Ice Ice, Baby: Long After Snowfall Ended, Bike Lane Conditions Are Still Treacherous

Main street travel lanes were plowed soon after the snowstorm ended, bikeways not so much. Photo: Halsted Bike Lane
Main street travel lanes were plowed soon after the snowstorm ended, bikeways not so much. Photo: Halsted Bike Lane

Ever since Chicago mayor Michael Bilandic lost reelection in the wake of the Great Blizzard of 1979, city officials have been fanatical about clearing the streets for driving, going to far as to salt travel lanes in advance if there’s even a possibility of snowfall. Accordingly, following the snowstorm that dumped several inches on the region Sunday night, commuters reported that major arterials were in fairly good shape for motorists a few hours into Monday.

Unfortunately, clearing snow from bikeways isn’t as high of a priority for the city, even though thousands of Chicago commuters don’t give up on cycling when the snow starts flying. (Despite the challenging conditions, the Divvy bike-share system saw 1,868 Divvy trips yesterday.) This morning, more than 24 hours after the storm ended, local cyclists tweeted that many of of our city’s key protected bike lanes were still a mess, clogged with snow and/or glazed with ice.

In fairness, conditions have been challenging for bikeway maintenance, with the damp snowfall being followed by a drop in temperature that froze slushy puddles into treacherous skating rinks. But this morning bike riders said that some important cycling route didn’t seem to have received any TLC at all.

Streetsblog’s Steven Vance shot a photo of the inbound Milwaukee Avenue protected bike lane, which was completely unplowed south of Chicago Avenue.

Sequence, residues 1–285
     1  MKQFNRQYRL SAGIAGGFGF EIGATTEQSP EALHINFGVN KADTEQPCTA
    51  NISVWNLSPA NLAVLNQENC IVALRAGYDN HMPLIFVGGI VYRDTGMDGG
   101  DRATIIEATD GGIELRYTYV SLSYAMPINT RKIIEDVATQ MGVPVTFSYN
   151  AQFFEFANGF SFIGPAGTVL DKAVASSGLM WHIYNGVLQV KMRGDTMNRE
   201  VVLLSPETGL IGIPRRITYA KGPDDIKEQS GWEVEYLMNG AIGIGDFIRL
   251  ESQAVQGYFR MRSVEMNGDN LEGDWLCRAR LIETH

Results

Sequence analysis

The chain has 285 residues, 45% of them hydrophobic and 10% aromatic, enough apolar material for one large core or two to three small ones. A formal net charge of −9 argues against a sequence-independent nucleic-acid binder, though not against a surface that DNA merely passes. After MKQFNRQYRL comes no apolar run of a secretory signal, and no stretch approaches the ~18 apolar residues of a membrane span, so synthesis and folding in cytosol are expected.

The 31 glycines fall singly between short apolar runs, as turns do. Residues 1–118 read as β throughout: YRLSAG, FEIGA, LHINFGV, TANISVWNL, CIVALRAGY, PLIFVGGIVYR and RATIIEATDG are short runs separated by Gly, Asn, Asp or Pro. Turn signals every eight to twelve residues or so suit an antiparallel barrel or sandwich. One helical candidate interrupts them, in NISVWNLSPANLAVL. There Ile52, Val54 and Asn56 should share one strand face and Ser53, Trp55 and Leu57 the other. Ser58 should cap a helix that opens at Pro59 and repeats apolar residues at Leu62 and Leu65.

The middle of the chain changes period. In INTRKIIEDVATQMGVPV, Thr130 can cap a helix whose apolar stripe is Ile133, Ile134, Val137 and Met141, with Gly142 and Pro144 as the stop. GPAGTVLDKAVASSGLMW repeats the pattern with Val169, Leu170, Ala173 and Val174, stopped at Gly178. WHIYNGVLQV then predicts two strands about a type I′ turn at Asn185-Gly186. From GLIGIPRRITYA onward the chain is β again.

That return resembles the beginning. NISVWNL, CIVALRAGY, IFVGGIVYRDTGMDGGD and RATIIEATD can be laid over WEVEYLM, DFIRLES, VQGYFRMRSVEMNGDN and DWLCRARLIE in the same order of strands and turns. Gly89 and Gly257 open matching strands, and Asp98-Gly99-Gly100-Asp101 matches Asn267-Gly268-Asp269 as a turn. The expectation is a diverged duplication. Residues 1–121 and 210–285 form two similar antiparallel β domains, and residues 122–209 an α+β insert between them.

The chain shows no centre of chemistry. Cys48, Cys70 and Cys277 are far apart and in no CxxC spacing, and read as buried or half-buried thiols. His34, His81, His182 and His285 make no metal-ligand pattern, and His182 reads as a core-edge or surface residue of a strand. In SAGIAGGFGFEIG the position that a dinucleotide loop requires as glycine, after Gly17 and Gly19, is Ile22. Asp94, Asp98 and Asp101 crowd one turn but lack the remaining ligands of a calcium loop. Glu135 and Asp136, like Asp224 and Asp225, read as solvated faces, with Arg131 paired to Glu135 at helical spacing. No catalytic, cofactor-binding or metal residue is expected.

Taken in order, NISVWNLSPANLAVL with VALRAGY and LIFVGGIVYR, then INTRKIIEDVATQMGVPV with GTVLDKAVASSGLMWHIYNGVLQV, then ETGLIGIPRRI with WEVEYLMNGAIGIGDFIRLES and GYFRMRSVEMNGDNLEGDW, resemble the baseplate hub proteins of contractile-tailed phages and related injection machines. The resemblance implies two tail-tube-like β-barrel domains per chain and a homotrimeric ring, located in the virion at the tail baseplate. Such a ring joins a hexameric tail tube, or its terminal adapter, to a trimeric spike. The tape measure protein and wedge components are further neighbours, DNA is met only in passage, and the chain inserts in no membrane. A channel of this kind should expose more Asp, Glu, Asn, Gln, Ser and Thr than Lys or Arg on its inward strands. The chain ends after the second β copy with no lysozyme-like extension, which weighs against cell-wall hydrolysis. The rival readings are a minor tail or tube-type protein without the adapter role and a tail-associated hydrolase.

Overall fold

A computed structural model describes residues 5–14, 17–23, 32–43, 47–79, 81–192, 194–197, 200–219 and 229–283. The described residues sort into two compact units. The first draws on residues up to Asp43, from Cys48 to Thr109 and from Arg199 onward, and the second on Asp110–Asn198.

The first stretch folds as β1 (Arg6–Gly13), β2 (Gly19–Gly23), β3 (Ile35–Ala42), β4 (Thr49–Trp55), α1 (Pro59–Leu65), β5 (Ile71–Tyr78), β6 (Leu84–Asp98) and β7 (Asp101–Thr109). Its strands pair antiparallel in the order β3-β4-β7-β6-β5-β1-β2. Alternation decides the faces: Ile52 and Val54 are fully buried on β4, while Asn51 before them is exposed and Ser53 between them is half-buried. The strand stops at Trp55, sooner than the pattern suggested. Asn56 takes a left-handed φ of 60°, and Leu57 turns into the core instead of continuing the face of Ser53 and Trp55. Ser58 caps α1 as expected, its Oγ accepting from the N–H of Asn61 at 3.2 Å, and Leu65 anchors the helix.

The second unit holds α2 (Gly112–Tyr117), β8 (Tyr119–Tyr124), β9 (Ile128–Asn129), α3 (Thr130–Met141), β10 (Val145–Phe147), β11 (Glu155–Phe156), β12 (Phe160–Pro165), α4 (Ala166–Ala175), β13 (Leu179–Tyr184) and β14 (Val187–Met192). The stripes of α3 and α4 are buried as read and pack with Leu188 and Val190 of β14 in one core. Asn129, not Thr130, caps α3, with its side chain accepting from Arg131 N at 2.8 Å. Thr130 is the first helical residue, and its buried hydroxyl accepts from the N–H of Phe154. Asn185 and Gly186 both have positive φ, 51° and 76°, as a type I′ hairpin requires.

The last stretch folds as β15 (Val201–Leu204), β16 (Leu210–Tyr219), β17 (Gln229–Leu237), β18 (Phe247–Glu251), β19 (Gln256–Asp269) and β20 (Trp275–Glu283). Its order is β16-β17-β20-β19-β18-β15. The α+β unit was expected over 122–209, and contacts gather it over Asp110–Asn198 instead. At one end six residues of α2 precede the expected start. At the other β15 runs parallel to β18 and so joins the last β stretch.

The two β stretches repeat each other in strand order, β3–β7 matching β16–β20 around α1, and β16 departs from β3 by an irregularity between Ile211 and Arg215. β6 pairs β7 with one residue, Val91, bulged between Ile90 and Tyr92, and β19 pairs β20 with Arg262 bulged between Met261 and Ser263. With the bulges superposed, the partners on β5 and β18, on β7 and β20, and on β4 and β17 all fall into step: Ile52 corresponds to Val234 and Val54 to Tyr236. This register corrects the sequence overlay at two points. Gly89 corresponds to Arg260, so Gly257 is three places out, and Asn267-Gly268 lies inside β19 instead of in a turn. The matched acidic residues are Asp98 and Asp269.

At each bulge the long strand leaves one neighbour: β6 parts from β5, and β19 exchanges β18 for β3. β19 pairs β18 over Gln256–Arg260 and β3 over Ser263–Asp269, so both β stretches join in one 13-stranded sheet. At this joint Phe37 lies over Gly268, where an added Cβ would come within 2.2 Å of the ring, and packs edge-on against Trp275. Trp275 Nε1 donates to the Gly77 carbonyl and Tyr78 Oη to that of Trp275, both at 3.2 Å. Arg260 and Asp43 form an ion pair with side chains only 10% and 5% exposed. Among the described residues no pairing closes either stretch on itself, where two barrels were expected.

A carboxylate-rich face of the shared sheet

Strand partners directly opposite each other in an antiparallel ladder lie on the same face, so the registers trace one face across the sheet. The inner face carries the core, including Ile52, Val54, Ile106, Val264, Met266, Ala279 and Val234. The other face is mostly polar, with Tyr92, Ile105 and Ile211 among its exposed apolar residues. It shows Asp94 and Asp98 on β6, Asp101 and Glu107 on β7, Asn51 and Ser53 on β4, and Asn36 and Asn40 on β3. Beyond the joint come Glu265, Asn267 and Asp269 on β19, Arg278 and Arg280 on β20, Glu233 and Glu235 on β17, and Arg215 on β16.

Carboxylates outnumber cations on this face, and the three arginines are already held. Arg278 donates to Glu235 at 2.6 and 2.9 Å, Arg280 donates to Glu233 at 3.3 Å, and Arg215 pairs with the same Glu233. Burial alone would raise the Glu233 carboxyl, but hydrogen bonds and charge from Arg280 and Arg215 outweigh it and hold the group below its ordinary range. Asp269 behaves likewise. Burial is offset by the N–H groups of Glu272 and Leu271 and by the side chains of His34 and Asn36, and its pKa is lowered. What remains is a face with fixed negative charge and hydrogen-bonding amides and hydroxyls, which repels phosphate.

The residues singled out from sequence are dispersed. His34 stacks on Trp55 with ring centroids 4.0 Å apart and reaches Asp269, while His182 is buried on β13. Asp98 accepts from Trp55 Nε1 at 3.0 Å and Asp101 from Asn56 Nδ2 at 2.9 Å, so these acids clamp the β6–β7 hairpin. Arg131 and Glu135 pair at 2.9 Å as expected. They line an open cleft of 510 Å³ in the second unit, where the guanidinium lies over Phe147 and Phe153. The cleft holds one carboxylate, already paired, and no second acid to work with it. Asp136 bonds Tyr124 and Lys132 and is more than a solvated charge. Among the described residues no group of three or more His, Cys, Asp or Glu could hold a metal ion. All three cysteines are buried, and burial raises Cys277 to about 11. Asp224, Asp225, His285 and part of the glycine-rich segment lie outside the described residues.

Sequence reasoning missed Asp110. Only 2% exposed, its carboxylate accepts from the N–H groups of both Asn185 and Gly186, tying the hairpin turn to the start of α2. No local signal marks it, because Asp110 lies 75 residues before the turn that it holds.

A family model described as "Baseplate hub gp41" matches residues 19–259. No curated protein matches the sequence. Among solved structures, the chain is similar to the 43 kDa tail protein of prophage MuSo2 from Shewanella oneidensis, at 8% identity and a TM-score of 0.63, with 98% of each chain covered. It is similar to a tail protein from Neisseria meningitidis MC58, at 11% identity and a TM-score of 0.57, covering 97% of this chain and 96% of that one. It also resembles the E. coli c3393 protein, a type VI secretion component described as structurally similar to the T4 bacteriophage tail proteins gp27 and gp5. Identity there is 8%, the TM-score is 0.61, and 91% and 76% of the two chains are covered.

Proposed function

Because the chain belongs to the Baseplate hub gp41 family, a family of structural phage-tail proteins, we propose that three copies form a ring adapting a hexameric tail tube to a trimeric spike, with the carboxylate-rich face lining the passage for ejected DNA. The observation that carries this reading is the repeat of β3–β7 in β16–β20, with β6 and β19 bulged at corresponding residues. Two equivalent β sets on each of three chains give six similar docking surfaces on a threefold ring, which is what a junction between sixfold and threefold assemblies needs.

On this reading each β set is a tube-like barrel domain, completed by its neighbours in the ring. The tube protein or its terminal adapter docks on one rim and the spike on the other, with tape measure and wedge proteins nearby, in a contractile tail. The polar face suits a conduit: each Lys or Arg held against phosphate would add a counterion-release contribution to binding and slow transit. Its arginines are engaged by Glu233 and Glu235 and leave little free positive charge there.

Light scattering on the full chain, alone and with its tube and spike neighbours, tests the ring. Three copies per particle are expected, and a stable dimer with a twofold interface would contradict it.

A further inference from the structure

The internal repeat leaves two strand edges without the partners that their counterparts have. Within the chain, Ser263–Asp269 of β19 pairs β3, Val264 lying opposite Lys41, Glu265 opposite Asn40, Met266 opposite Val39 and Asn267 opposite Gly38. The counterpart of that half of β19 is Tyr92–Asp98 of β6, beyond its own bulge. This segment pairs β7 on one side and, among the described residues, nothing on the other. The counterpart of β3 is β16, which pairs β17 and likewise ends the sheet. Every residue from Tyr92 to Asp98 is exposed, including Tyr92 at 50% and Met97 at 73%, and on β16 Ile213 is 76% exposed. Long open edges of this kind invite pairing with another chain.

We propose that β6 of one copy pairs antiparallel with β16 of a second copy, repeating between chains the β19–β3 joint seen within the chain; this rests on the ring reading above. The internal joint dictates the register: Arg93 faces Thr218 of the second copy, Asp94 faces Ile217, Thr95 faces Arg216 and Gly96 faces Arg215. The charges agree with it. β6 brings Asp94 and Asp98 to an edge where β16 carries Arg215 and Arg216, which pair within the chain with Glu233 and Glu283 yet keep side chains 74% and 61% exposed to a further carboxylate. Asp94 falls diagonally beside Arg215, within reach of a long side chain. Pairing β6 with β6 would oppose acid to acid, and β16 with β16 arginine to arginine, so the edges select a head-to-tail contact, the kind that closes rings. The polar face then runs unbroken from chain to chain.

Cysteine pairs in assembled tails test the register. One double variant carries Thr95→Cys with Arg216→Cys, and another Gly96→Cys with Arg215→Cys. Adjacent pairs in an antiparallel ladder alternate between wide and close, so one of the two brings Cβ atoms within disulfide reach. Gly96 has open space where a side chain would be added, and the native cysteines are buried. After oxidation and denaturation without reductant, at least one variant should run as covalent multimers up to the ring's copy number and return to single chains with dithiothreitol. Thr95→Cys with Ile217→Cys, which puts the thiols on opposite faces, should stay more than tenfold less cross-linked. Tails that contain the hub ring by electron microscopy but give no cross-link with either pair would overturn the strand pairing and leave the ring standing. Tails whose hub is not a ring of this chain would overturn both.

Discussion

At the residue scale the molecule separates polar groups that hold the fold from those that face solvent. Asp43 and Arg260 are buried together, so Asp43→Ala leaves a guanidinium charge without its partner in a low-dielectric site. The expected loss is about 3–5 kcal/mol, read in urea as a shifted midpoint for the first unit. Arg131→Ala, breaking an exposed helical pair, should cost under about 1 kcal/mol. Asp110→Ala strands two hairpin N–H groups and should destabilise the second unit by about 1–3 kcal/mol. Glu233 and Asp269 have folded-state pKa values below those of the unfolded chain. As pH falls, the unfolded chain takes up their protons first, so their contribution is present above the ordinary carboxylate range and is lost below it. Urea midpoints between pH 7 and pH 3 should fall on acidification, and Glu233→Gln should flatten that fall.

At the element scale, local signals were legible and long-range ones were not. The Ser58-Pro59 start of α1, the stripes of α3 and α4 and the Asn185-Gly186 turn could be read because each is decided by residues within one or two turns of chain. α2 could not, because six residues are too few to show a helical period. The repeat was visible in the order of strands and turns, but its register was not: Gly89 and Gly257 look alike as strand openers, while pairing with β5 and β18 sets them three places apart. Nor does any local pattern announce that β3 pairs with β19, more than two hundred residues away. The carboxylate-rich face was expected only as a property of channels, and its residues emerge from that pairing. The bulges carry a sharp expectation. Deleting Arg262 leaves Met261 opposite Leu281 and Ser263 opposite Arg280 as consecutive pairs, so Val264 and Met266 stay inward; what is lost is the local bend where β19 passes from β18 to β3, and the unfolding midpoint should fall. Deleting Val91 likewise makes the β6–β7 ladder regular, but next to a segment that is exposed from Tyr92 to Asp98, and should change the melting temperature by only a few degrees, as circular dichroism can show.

Meanwhile on the Near South Side, “The bridge on Halsted over the south branch of the river was super icy and rutted,” reported Noah Manion. “The bike lane north of there to Canalport was pretty bad too.” However, he added that the bikeway was well-plowed south of the river.

The recently launched Twitter account for the Halsted Street bike lanes noted issued with workers dumping snow from the sidewalk in front of the Newcity shopping center, on the 1500 block of North Halsted, into the bikeway.

The account for Bike Lane Uprising, a site that allows cyclists to document bikeway obstructions, recommended submitting such blockages to the site’s database under the “other” category.

The bike touring nonprofit Out Our Front Door issued a general warning to its followers to be careful cycling on poorly maintained bikeways. “Be careful biking out there friends! The elements have had time to compact down into thick, slippery ice! (or be plowed directly into our safe spaces.)”

However, Chicago Department of Transportation spokesman Michael Claffey promised that conditions will improve in the near future, hopefully in time for the evening commute. “We have had crews out today. They have been plowing and salting the bike lanes all day today.”

That’s reassuring, but it would be great if city officials would prioritize snow clearance for sustainable transportation facilities, just as they obsess over making sure drivers aren’t inconvenienced by the white stuff. It would be even better if they were to follow the lead of forward-thinking countries like Sweden that clear sidewalks and bike lanes before plowing roads.

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As the Chicago Department of Transportation builds more protected bike lanes, especially curb-protected lanes, it’s important that these bikeways are well maintained, particularly after snowstorms. A snow-filled PBL is at best an annoyance, and at worst a danger to cyclists, because it can force them to ride in the adjacent, plowed, mixed-traffic lanes, which may […]